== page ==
I’ve had the good fortune over the last several years to experience some great adventures in foreign countries. But spending the last four months riding my bike across America at 15 miles an hour has been one of the greatest adventures.
First and foremost, America is a beautiful country. I saw every corn field, wheat field, lake and mountain that was on my course—the Northern Tier. There were times when I didn’t see a car or a human being for over 20 minutes. I began to wonder if something had happened in the world while I was biking because there was no chaos around me. But actually the peace and serenity of those moments were one of the best parts of the trip. Whenever we came to a larger city, it was like chaos. Couldn’t wait to get back into the countryside.
Second, the people I met along the way were kind and generous. I was amazed by their interest and concern for our trip and the charities I was riding for. I was even more taken by the donations that I received from some of the people I spoke to for only a few minutes.
For example, there was Brad and his dog Cody, who found me in a parking lot looking at my map, thoroughly puzzled by what route to take. Brad offered to take me to the correct route about a mile away. I spoke with him for a few minutes about what I was doing and the charities I was riding for. A few days later I received a generous contribution from him. I later received comments and some donations from his neighbors as well—people I hadn’t even met but were apparently solicited by Brad after our meeting. Another time I stopped at a pull-out to take a picture of a mountain stream. While I was there, a car stopped to look at the view as well. The two couples were from Sandpoint, Idaho, and were out for a sight-seeing tour of the area. We spoke for about 10 minutes and I told them about my ride. A few days later I received notification that they had made a very generous donation to one of our charities.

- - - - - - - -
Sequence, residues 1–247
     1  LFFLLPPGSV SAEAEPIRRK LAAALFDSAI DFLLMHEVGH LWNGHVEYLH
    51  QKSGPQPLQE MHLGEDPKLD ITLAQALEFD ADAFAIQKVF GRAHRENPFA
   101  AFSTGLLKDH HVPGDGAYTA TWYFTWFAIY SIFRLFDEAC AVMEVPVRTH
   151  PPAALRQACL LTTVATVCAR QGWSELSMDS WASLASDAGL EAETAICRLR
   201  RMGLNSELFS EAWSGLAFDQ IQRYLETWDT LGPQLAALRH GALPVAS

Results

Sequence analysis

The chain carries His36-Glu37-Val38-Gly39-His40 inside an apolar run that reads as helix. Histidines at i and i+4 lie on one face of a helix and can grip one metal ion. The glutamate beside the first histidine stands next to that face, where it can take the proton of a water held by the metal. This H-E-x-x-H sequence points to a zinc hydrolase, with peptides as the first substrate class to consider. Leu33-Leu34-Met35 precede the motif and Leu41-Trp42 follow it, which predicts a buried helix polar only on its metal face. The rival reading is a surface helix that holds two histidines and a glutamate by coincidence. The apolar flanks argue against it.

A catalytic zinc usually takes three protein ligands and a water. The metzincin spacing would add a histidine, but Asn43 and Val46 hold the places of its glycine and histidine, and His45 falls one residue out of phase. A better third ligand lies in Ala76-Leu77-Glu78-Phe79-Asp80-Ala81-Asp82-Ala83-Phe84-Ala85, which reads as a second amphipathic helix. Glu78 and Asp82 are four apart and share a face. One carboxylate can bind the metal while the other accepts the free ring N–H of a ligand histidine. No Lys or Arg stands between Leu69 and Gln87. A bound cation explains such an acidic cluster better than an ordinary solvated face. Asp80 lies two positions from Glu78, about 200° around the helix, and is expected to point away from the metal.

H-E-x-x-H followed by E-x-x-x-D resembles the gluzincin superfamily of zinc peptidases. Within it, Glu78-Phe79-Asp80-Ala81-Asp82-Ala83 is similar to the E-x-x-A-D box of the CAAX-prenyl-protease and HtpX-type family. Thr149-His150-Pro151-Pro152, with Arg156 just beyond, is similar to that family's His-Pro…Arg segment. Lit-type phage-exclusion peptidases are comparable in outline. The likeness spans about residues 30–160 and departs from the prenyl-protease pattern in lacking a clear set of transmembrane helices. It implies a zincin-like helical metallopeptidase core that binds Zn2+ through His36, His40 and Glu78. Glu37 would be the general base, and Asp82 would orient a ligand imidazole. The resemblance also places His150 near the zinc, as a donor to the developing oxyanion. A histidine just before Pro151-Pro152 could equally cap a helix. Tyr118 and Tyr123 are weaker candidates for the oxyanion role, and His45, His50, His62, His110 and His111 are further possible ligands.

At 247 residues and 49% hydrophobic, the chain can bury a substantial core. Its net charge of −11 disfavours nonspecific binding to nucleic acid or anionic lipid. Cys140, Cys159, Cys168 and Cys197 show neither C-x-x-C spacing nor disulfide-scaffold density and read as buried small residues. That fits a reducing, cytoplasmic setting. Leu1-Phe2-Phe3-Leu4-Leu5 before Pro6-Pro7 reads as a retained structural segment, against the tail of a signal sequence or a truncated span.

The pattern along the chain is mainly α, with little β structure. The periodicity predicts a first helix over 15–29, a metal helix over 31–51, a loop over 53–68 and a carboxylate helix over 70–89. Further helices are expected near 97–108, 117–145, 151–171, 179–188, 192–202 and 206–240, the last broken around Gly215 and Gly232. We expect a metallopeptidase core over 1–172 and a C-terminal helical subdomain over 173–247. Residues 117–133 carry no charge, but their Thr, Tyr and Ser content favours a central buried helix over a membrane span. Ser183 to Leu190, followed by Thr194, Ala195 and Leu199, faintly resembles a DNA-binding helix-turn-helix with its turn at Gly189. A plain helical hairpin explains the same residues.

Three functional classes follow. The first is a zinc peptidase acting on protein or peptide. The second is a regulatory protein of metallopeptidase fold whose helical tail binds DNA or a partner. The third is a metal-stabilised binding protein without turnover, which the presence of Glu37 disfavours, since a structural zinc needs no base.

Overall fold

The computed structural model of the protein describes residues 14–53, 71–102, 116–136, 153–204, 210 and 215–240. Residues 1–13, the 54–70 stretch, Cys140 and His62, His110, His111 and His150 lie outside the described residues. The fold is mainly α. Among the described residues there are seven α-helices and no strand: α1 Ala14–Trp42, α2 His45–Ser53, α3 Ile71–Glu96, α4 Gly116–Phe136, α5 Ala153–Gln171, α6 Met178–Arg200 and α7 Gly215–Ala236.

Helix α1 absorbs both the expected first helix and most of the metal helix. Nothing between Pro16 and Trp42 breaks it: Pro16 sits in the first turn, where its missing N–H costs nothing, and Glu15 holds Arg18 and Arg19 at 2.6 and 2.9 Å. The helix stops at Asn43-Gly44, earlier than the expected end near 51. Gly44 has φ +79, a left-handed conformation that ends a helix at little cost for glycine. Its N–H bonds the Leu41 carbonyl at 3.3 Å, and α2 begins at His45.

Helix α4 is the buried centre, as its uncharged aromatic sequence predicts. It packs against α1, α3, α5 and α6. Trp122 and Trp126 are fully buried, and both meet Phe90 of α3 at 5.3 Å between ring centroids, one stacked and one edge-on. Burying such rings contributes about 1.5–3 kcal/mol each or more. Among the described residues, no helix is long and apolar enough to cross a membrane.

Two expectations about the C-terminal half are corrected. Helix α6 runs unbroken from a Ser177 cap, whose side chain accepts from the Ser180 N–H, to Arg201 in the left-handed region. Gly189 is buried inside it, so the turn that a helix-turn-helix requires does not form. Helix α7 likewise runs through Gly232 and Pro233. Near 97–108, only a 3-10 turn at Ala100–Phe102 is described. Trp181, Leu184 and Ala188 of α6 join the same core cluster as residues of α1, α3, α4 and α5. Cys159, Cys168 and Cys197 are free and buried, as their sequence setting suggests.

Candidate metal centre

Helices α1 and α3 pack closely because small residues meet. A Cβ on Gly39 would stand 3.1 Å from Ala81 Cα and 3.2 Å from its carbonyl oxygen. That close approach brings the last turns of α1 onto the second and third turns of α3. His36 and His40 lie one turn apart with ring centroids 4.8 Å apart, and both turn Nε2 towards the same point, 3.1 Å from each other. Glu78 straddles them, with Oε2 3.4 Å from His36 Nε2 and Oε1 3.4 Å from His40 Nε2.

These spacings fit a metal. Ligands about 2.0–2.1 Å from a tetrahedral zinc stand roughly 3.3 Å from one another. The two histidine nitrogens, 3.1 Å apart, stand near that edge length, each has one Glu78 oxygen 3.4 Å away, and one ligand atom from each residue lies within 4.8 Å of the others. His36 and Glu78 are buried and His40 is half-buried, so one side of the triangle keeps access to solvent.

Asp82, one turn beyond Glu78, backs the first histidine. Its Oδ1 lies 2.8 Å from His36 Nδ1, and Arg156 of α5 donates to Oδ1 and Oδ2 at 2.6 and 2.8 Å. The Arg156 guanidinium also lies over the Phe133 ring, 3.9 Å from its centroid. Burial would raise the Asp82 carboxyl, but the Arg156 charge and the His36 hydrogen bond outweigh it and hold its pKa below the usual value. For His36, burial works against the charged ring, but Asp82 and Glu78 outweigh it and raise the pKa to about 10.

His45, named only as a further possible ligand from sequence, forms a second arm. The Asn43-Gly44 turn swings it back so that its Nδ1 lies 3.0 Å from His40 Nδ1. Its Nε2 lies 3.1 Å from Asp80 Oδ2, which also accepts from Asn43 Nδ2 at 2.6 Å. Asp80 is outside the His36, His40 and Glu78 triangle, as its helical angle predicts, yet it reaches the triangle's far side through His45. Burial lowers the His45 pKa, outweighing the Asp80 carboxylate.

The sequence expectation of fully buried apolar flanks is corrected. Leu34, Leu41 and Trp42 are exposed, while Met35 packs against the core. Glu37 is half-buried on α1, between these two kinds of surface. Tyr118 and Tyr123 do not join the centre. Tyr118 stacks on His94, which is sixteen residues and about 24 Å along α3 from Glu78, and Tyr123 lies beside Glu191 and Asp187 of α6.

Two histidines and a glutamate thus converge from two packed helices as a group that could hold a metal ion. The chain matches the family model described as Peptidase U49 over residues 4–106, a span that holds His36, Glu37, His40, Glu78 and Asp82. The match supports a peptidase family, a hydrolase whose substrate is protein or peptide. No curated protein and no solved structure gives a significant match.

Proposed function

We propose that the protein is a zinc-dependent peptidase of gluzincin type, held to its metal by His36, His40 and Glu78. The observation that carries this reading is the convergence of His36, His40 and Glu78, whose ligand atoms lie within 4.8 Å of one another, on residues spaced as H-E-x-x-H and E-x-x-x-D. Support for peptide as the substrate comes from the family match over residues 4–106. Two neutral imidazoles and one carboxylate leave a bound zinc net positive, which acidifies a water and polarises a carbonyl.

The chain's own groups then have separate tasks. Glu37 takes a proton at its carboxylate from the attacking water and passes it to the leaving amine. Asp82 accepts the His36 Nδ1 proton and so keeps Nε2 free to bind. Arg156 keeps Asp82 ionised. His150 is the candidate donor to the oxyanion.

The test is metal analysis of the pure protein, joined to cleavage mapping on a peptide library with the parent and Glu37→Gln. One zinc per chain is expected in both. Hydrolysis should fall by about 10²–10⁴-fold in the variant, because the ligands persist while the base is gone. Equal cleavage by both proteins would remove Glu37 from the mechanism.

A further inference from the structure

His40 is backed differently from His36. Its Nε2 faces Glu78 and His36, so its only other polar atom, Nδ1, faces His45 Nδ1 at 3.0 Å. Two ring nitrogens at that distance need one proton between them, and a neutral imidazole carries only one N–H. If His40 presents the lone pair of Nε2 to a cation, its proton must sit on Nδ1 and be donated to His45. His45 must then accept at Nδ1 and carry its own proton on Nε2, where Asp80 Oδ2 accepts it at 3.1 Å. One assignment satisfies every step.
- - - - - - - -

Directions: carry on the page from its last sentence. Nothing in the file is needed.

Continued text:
We also had great service and kindness from people who worked on our RV. The boys at the Rattlesnake Truck Service not only went out of their way to pick up a part by driving an hour to the parts dealer, but also offered to let us set up our RV at their place of business for the night. They provided us with water and electrical hookup.
These personal kindnesses were not isolated instances but rather reoccurring time and time again.
Not everyone is physically or mentally prepared to bike 4,285 miles across our country but:
We can all slow down and absorb the true beauty of our country.
We can take the back roads instead of the highways.
We can open ourselves to the experience of talking to a stranger.
We can look at the beauty that grows along the side of the road.
We can travel more in America because it is the most beautiful of beautiful places.
We can open ourselves to the simpler life on the road without the need for all the modern conveniences and without the need for the daily news.
We can discover the goodness of America and its people.
We can better appreciate our friends and family who sent their prayers, their strength and their good wishes to us each and every day.
These are some of the things I learned in the 113 days we were on the road.